Contemporary writers espousing green anarchism include, techno-negative: Derrick Jensen, George Draffan, and John Zerzan and techno-positive: Murray Bookchin as well as countless authors of various zines and pamphlets, anonymous and otherwise. Please wikify (format) this article or section as suggested in the Guide to layout and the Manual of Style. ... John Zerzan (born 1943) is an American anarchist and primitivist philosopher and author. ... Murray Bookchin[1] (born January 14, 1921) is an American libertarian socialist speaker and writer, and founder of the Social Ecology school of anarchist and ecological thought. ... A zine—an abbreviation of the word fanzine, and originating from the word magazine[1][2]—is most commonly a small circulation, non-commercial publication of original or appropriated texts and images. ... Polish soldiers reading a German leaflet during the Warsaw Uprising A pamphlet is an unbound booklet (that is, without a hard cover or binding). ...


Critique

The following is mainly a presentation of the techno-negative views on society. Techno-positive anarchists adhere to a more classical anarchist analysis.


Civilization

A clearcut in the Rouge Valley of Alberta, Canada. Clearcuts are a prime example of what green anarchists consider to be capitalism's effect on the environment.

The green anarchist critique focuses on the institutions of domination that make up society, all grouped under the broad term “civilization”. Such institutions include the the state, capitalism, industrialism, globalization, domestication, patriarchy, science, technology, and/or work. These institutions, according to green anarchists, are inherently destructive and exploitative (to humans and the environment) – therefore, they cannot be reformed into anything better. This movement generally rejects furthering their cause through current political lines, favoring direct and autonomous action, sabotage, insurrection, bioregionalism, and reconnecting with the wild to create meaningful change. Image File history File links No higher resolution available. ... Image File history File links No higher resolution available. ... Clearfelling or clearcutting is the process where every tree is taken in a logging operation. ... For other uses, see Alberta (disambiguation). ... A critic (derived from the ancient Greek word krites meaning a judge) is a person who offers a value judgement or an interpretation. ... For other uses, see Society (disambiguation). ... For other uses, see State (disambiguation). ... For other uses, see Capitalism (disambiguation). ... The rise of multinational corporations and outsourcing have played a crucial part in globalization. ... Dogs and sheep were among the first animals to be domesticated. ... For other uses, see Patriarchy (disambiguation). ... A magnet levitating above a high-temperature superconductor demonstrates the Meissner effect. ... By the mid 20th century humans had achieved a mastery of technology sufficient to leave the surface of the Earth for the first time and explore space. ... This article is about work. ... Exploitation means many different things. ... This article is about modern humans. ... For the Canadian urban guerrilla group Direct Action, see Squamish Five. ... For other uses, see Sabotage (disambiguation). ... Insurrection could refer to: * in a general sense, it means Rebellion * it is also a title of a Star Trek film, see Star Trek: Insurrection ... Bioregional democracy (or the Bioregional State) is a set of environment concerns, e. ... Rewilding is the process of undoing domestication. ...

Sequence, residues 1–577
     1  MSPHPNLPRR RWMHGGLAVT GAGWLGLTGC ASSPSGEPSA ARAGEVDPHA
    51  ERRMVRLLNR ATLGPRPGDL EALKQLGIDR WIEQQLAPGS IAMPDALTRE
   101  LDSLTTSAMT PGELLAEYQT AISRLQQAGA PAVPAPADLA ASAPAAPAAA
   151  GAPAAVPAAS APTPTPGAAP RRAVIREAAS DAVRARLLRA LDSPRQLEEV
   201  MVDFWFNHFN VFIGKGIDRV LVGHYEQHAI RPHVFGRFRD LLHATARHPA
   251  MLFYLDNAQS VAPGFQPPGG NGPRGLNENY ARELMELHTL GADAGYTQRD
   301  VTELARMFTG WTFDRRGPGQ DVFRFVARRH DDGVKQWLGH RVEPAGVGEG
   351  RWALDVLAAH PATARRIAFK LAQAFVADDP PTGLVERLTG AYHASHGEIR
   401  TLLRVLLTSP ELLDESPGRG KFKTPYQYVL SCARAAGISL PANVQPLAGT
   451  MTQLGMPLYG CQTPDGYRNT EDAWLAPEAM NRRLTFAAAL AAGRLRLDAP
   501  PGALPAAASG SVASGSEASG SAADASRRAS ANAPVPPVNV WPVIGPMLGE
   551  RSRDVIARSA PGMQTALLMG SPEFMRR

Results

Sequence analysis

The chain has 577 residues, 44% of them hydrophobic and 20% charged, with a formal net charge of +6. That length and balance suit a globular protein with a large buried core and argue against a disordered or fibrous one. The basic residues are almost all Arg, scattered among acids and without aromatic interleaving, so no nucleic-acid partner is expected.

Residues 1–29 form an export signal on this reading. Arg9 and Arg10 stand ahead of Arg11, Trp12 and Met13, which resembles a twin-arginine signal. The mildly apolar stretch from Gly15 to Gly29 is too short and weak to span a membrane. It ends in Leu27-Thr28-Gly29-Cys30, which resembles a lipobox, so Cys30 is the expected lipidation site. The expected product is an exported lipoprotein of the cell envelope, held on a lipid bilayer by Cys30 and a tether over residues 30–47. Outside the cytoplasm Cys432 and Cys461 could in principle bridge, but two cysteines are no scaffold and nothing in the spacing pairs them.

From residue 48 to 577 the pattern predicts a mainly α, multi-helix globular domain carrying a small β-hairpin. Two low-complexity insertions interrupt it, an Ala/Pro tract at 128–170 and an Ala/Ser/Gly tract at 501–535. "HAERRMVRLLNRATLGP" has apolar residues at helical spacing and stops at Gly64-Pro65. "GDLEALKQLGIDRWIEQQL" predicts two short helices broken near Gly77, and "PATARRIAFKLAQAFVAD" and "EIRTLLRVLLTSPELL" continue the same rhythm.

Civilization is taken to be the totality of institutions (described above) that are responsible for the destruction of human freedom and the environment. Physically, civilization is demarcated by the domestication of plants, animals, and humans (though its beginning has been traced back through time, language, art, and symbolic culture – see John Zerzan). Agriculture introduced the concept of a surplus along with the conditions for the rise of these institutions. Before agriculture, humans often lived as autonomous bands of hunter-gatherers. Essentially, hunter-gatherers are perceived to be part of human anarchist ancestry since all humans practised that mode of life for around two million years. Civilization is often seen as more of a paradigm of systems rather than a tangible thing, and one that places human beings above and outside of the natural world. This is seen as the first step towards, and justification for, the destruction of nature (humans included). For other uses, see Plant (disambiguation). ... For other uses, see Animal (disambiguation). ... John Zerzan (born 1943) is an American anarchist and primitivist philosopher and author. ... Surplus means the quantity left over, after conducting an activity; the quantity which has not been used up, and can refer to: budget surplus, the opposite of a budget deficit economic surplus Surplus product or surplus value in Marxian economics physical surplus in the economic theory of Piero Sraffa Operating... In anthropology, the hunter-gatherer way of life is that led by certain societies of the Neolithic Era based on the exploitation of wild plants and animals. ... For other uses, see Paradigm (disambiguation). ...


Technology

Technology is seen as a system rather than a specific physical tool. Technology, it is argued, requires the exploitation of the environment through the creation and extraction of resources, and the exploitation of people through labor, work, and slavery, industrialism, specialization and the division of labor. There is no “neutral” form of technology as things are always created in a certain context with certain aims and functions. Green technology is often rejected as an attempt to reform this exploitative system, merely changing it on the surface to make it seem environmentally friendly, despite sustained levels of human and natural exploitation. In place of technology, green anarchists favor living ranging from low use of technology to no use at all, using sustainable and local resources. Wage labour is the socioeconomic relationship between a worker and an employer in which the worker sells their labour under a contract (employment), and the employer buys it, often in a labour market. ... Slave redirects here. ... Specialization, also spelled Specialisation, is an important way to generate propositional knowledge, by applying general knowledge, such as the theory of gravity, to specific instances, such as when I release this apple, it will fall to the floor. Specialization is the opposite of generalization. ... Division of labour is the breakdown of labour into specific, circumscribed tasks for maximum efficiency of output in the context of manufacturing. ... Green technology is a technology that offers a more environmentally friendly solution compared to an existing technology. ...